At the Still Point of the Turning World
Residency is over, NOW what? (While I'm waiting for the answer, I'll get some spinning done....)

Tuesday, August 13, 2002


It's been a spinning-intensive, computer-light kind of day. Thanks for everyone's input on the indigo dyepot. I did not take a photo of its progress today because I've decided I just have to leave it alone and stop fiddling with it. Each time I take the lid off to peer inside the pot exposes the infernal broth to air, lets drops of condensation fall into the mix (thereby introducing oxygen), and generally increases my frustration. Suffice it to say that the dyebath looks about the same as it did yesterday, although much less fizzy and bubbly. The edges of the dyebath are beginning to take on a greyish cast--I hope this means the beginning of color change. I have stopped applying heat with the low crockpot setting, after rethinking yeast physiology and Jenny Dean's instructions. The yeast are active at room temperature, only less so than at a warmer temp. Dean specifically says to keep the temperature constant and suggested setting the dyebath in a sunny spot outside (won't work--very foggy today), or on the stove with a pilot light on. I will try the stove idea if there is no change to the dyebath color by Sunday. In the meantime--I'm going to leave the whole thing alone.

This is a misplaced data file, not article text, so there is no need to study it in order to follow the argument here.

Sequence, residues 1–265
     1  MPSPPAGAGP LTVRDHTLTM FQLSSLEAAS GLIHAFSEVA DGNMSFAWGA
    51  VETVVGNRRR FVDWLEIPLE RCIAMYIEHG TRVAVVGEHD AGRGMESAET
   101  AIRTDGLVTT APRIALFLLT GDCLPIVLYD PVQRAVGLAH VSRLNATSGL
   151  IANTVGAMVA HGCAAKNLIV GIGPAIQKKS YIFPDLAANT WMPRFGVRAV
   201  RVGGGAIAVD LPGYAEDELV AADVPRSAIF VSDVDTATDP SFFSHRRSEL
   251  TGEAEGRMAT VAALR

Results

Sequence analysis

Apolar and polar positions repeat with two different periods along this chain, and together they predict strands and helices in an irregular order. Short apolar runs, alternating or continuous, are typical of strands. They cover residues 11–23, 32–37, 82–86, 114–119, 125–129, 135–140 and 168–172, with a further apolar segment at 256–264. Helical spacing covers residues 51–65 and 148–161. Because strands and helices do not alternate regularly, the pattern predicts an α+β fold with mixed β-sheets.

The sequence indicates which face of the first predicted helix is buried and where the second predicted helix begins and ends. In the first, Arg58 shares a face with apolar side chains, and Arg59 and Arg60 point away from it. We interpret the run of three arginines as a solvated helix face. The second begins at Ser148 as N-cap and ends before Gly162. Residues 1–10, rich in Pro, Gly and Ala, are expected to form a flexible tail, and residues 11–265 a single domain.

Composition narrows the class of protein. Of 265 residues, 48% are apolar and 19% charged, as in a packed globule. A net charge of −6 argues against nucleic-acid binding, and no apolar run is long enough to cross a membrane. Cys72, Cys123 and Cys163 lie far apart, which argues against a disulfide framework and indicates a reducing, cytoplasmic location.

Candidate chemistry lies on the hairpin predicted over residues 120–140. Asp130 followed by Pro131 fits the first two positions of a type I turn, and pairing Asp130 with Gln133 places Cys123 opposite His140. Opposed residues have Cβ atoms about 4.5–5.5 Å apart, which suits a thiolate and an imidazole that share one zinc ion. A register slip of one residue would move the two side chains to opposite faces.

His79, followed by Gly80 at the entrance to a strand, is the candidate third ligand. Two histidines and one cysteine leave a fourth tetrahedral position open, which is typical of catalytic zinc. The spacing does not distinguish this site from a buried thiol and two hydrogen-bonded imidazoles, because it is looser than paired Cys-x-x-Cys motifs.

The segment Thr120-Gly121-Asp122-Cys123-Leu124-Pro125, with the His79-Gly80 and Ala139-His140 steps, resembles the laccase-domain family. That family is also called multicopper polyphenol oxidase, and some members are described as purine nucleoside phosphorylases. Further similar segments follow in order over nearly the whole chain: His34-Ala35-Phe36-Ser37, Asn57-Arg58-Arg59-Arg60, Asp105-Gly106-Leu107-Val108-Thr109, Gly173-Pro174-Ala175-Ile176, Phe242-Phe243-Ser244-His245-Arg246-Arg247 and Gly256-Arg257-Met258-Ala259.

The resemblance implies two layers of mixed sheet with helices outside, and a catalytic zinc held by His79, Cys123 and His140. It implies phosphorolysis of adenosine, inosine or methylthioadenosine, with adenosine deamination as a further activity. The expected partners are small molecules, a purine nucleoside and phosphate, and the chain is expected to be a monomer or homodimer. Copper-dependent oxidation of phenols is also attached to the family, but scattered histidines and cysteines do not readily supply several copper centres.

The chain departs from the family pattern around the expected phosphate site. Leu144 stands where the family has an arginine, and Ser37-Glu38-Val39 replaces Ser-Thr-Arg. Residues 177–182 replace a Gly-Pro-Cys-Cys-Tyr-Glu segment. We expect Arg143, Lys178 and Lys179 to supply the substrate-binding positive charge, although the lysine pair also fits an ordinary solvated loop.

For those of us who like instant gratification, this is a frustrating process. It is so much easier to dissolve Kool-Aid into a saucepan, add vinegar and toss in some fiber. Even natural dyeing, which requires pre-mordanting, yields an instant reward with well-prepared fiber. I loved my experience with logwood, in which one ounce turned an entire pound of fiber into varying shades of deep purple--within minutes. Compared to logwood, my indigo experience is like watching a pond stagnate!


In an effort not to fiddle with the dyepot, this is what I got done this evening:

1) Finished spinning the last of the Alpine Meadows fiber for my SOAR vest project
2) Plied 3 bobbins worth of the same fiber, and wound into skeins
3) Washed 5 skeins of the same fiber--about 750 yards--to set the twist
4) Finished spindling 0.9oz of Chasing Rainbows merino/bombyx top on a wonderful, perfect, fabulous bocote Swan spindle
5) Started spinning some handpainted tussah silk roving by The Silkworker, destined to become a scarf for a friend
6) Actually cooked something for dinner--baked potatoes with a broccoli/cherry tomato/olive salad. Yum!

As I said--spinning-rich and computer-poor, thus no photos to share with you. Maybe tomorrow....